Facing a rise in police excessive force cases often gone viral on social media, a national group of prosecutors issued a “guidance document” Friday designed to help law enforcement work in a more public and proactive manner.

Led by Jackson County Prosecutor Jean Peters Baker, the report by the Association of Prosecuting Attorneys urges local and regional agencies to be more transparent, quickly respond to a scene and create written internal protocols.

Jvikings1 / Wikimedia Commons

After success in the state House of Representatives last Thursday, a right-to-work bill is front and center today in the Missouri Senate. We look at the pros and cons of forcing workers in unionized companies to pay union fees. Then, we learn about one Good Samaritan's efforts to reduce a rash of break-ins in Hyde Park.

Greitens workout
Brian Ellison / KCUR 89.3

Laying out a central theme of his first-year agenda, Missouri Gov.-elect Eric Greitens told a group of law enforcement officers, recruits and their families Tuesday that he would have their back when he takes office next week.

Kansas City, Kansas, Police

The man who killed Kansas City, Kansas, Police Detective Brad Lancaster in May 2016 pleaded guilty Tuesday.

In addition to capital murder, Curtis Ayers pleaded guilty to nine other counts in a crime spree that began when he shot 39-year-old Lancaster outside the Hollywood Casino May 9.

Ayers still faces charges in Leavenworth County, Kansas, and Jackson County, Missouri, where he was apprehended after a long chase.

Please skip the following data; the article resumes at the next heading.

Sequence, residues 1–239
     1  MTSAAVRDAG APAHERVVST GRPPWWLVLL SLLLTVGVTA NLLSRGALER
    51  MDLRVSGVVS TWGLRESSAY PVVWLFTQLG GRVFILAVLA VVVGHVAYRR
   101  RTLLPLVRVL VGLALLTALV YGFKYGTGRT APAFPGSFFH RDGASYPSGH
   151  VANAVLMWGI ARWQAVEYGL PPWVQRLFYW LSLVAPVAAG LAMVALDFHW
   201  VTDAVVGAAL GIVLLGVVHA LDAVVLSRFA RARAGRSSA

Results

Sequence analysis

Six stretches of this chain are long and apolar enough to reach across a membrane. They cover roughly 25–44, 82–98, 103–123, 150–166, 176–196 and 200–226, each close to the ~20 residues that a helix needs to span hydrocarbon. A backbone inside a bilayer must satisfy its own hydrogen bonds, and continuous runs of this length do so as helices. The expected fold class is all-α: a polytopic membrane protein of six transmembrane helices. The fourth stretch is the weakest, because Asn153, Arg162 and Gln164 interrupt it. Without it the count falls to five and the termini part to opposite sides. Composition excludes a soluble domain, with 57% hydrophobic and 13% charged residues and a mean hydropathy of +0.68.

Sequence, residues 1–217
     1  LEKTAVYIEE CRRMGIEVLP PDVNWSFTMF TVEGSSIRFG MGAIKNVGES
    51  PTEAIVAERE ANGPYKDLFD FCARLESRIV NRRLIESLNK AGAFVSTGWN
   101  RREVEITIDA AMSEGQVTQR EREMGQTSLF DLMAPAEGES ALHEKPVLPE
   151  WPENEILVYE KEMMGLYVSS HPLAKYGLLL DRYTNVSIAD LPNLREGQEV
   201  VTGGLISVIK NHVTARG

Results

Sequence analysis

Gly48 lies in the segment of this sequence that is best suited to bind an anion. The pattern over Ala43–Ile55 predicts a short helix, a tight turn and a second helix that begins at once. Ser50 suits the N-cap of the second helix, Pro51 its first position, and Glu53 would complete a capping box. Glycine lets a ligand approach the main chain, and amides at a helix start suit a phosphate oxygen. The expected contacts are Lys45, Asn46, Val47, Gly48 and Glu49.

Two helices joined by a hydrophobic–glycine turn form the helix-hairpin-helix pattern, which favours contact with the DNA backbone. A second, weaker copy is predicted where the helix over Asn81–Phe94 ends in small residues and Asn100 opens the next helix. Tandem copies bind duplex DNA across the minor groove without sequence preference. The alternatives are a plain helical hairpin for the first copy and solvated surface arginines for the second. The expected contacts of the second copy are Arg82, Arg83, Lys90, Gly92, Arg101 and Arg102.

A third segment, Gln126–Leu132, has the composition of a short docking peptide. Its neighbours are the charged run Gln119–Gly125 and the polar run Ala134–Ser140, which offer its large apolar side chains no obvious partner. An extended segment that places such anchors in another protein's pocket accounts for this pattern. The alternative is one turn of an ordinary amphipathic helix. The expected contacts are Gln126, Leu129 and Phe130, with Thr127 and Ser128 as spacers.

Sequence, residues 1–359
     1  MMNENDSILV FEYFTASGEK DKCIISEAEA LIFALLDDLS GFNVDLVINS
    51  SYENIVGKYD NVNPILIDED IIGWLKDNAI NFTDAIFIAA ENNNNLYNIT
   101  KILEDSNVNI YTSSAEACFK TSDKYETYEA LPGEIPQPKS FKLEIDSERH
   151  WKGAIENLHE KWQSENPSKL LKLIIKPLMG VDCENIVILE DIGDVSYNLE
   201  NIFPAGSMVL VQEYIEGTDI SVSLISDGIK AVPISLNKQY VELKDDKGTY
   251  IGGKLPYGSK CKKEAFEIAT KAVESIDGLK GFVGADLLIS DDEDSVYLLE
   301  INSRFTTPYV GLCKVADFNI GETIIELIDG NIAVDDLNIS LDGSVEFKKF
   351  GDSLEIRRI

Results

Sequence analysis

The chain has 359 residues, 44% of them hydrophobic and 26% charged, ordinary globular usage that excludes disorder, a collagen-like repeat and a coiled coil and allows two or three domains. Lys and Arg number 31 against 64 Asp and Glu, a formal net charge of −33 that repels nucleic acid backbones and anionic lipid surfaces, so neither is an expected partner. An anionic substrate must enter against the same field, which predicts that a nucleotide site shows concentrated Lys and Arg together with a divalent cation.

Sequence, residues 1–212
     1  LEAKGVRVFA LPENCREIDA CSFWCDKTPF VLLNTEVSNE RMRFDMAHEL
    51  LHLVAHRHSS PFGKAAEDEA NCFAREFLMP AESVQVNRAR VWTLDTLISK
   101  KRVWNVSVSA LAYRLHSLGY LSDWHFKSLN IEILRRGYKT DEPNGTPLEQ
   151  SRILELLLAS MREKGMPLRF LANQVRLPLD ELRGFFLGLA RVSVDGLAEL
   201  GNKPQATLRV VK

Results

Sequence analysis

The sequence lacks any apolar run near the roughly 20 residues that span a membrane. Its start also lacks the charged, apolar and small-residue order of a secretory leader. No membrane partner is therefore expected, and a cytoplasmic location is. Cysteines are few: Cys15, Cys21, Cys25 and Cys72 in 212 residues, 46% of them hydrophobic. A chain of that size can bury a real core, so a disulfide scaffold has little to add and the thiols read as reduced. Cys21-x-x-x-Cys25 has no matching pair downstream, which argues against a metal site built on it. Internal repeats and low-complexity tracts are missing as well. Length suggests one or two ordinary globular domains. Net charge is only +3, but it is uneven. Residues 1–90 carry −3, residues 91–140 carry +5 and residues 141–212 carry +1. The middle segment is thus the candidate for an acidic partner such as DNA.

YouTube

A lawsuit accusing three Kansas City, Missouri, police officers of excessive force against a Mexican-American man has been settled for $300,000 in a case that sent one of the officers to jail.

Unlike the many national cases of excessive force by police caught on cell phone video, this case turned on a 19-minute video pulled directly from the dashboard camera of a police cruiser.

El Dorado Police Department

In a twisted crime spree that lasted from 1974 until 1991, Dennis Rader stalked and killed ten people in and around Wichita, Kansas. During and after the spree, he taunted pursuing authorities in letters he sent to police, local news and, once, left in a book at the public library. In the letters, Rader established his identity with a handle that caught on quickly: BTK.

BigStock Images

At first, the man appears drunk.

He’s walking along an on-ramp from Lackman Road onto I-435 in Lenexa, Kansas. At 1 p.m., traffic is heavy.

The man doesn’t react well when a police officer arrives.